Tag Archive | "college of arts and sciences"

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Showing Our Colors for Pride


By Meredith Camel
UM News

The University of Miami is celebrating Campus Pride Month with a colorful collection of events throughout April, including Sunday’s spirited stroll down Ocean Drive in the annual Miami Beach Gay Pride Parade.


(Parade photos by Aaliyah Weathers)

More than 60 UM students, alumni, and employees represented the U with a Candyland-themed float, handing out bags of rainbow-colored jelly beans to spectators who gathered at the ninth annual parade celebrating the culture of the lesbian, gay, bisexual, transgender, queer, and questioning (LGBTQ) community and allies. This was UM’s fourth consecutive year as a parade participant.

“Pride is about belonging, which is something we strive for every day here at the U,” says Van Bailey, director of the UM LGBTQ Student Center, which co-sponsored the parade entry along with the Women’s and Gender Studies Program in the College of Arts and Sciences. “Not only is it about visibility, it’s about advocacy as well—standing up for those who can’t and celebrating those who have been fighting for LGBTQ equality for decades.”

The parade came on the heels of Pride Awareness Week (PAW), the signature program hosted each spring by SpectrUM, the University’s LGBTQ undergraduate student organization. PAW activities this year included a bandana tie-dye booth on the Foote Green, a “what are U proud of?” photo shoot at the U Statue, an excursion to the Pérez Art Museum Miami with a screening of the Oscar-winning film Moonlight, and a Pride Shabbat at UM Hillel.

Also last week, the University lit up the Shalala Student Center in rainbow colors as part of Pride Lights the Night, a Miami-wide tribute to the victims of the Pulse nightclub shooting in Orlando last year. More than 40 structures throughout the city displayed the rainbow in lights or on a flag to demonstrate support and solidarity for the LGBTQ community.

Upcoming Campus Pride Month events hosted by the LGBTQ Student Center include a “Queering the American Dream” lecture by Associate Professor Steven Butterman on Wednesday, April 12 and Rainbow Rager, a glow-themed extravaganza at the Lakeside Patio on Thursday, April 13.

 

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UM to Host RoboCup U.S. Open April 27-30


RoboCupThe University of Miami will host the RobCup U.S. Open at the Patti and Allan Herbert Wellness Center on April 27-30, when five teams, including one from Mexico, will compete in the games that pit soccer-playing robots against each other. A vehicle to promote robotics and AI research, the Robocup Federation’s ultimate goal is, by mid-century, to have  team of fully autonomous humanoid robot soccer players challenging—and beating—the most recent winner of the the FIFA World Cup.

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Physics Professor Wins Air Force Grant

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Physics Professor Wins Air Force Grant


By Andrew Boryga
Special to UM News

Wang

He Wang

He Wang, an assistant professor of physics, joined the University of Miami College of Arts and Sciences just last August but she is already making big waves.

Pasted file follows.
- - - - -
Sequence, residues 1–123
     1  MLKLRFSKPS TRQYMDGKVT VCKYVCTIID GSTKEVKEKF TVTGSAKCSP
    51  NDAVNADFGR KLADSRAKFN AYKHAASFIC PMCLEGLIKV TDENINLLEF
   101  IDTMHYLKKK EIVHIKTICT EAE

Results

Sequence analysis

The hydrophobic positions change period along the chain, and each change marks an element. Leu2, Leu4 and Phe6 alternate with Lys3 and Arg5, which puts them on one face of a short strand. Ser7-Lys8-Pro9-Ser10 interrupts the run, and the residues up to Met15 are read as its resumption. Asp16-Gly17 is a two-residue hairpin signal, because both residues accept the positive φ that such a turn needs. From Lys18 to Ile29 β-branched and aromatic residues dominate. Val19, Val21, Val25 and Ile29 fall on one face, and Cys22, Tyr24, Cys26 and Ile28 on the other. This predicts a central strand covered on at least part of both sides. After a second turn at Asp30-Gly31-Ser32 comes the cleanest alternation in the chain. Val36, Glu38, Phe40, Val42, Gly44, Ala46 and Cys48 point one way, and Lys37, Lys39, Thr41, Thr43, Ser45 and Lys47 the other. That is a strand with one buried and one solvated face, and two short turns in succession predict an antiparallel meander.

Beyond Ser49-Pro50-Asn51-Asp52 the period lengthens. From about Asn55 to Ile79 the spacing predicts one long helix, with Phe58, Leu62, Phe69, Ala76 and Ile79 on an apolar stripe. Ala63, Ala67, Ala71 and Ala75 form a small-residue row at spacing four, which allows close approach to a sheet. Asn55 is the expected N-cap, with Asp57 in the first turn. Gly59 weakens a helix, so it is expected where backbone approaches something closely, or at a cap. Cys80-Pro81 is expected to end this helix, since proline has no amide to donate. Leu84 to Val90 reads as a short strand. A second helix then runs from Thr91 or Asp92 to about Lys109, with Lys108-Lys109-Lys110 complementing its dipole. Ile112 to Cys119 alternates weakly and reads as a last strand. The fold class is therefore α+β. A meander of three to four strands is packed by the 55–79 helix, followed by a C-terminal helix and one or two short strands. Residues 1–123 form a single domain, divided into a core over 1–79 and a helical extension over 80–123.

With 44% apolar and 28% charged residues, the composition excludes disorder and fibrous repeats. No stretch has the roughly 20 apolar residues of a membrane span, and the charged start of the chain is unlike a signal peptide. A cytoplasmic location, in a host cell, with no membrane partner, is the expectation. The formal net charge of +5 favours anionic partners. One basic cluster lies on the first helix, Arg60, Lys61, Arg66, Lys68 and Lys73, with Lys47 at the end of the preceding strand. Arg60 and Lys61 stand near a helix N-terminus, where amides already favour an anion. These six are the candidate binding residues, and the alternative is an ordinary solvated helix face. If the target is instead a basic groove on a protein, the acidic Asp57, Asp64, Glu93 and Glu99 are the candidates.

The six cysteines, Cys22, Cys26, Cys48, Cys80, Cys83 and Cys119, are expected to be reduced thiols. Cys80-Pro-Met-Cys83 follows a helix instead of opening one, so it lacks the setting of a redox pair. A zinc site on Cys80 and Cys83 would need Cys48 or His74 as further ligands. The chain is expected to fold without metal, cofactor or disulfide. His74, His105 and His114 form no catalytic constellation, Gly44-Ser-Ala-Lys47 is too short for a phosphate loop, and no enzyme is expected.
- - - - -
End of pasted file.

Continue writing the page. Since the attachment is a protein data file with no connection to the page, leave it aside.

Late last year, Wang was notified that she won a grant from the prestigious 2017 Air Force Office of Scientific Research (AFSOR) Young Investigator Research Program (YIP) to continue investigating the potential application of next-generation LEDs, solar cells, transistors, and lasers.

YIP is a research grant award that is open to scientists and engineers at research institutions across the United States who received a Ph.D. or an equivalent degree in the last five years and who show exceptional ability and promise for conducting research.

The objective of the grant is to foster creative research in science and engineering, enhance career development of talented young researchers, and increase their opportunities to recognize and tackle significant challenges in the fields of science and engineering.

Wang’s winning proposal was titled “Structure-Photophysics-Function Relationship of Perovskite Materials.”

Her research focuses on investigating device physics and photophysics of organic and organic-inorganic hybrid optoelectronic materials. In layman’s terms, optoelectronics is the study and application of electronic devices and systems that source, detect, and control light. An example would be solar cells or LED devices.

Wang said she is excited about the award.

“I have been studying these subjects for some time and I look forward to using the resources of this grant to gain even more insight,” she said.

She tunes the structure of thin films comprised of these materials, uses laser spectroscopy to understand dynamics, and combines her knowledge of physics and engineering to think about the potential application of next-generation LEDs, solar cells, transistors, and lasers.

In her proposal for YIP, she focused on studying a new classification of materials associated with this field: organic-inorganic hybrid perovskite materials. Perovskite is a specific type of crystal structure found in materials that can be used for solar cells and LED technology.

Over the course of the next three years, she will use aspects of physics, chemistry, materials science, and engineering to study the fundamental behavior of these materials and what they could possibly be used for in the future.

This will be a continuation of the research she began when she entered Princeton University as a graduate student in 2008. After receiving her Ph.D. in electrical engineering at Princeton in 2013, she was a postdoctoral fellow in physical chemistry at UC Berkeley for nearly three years before joining the College of Arts and Sciences’ physics department.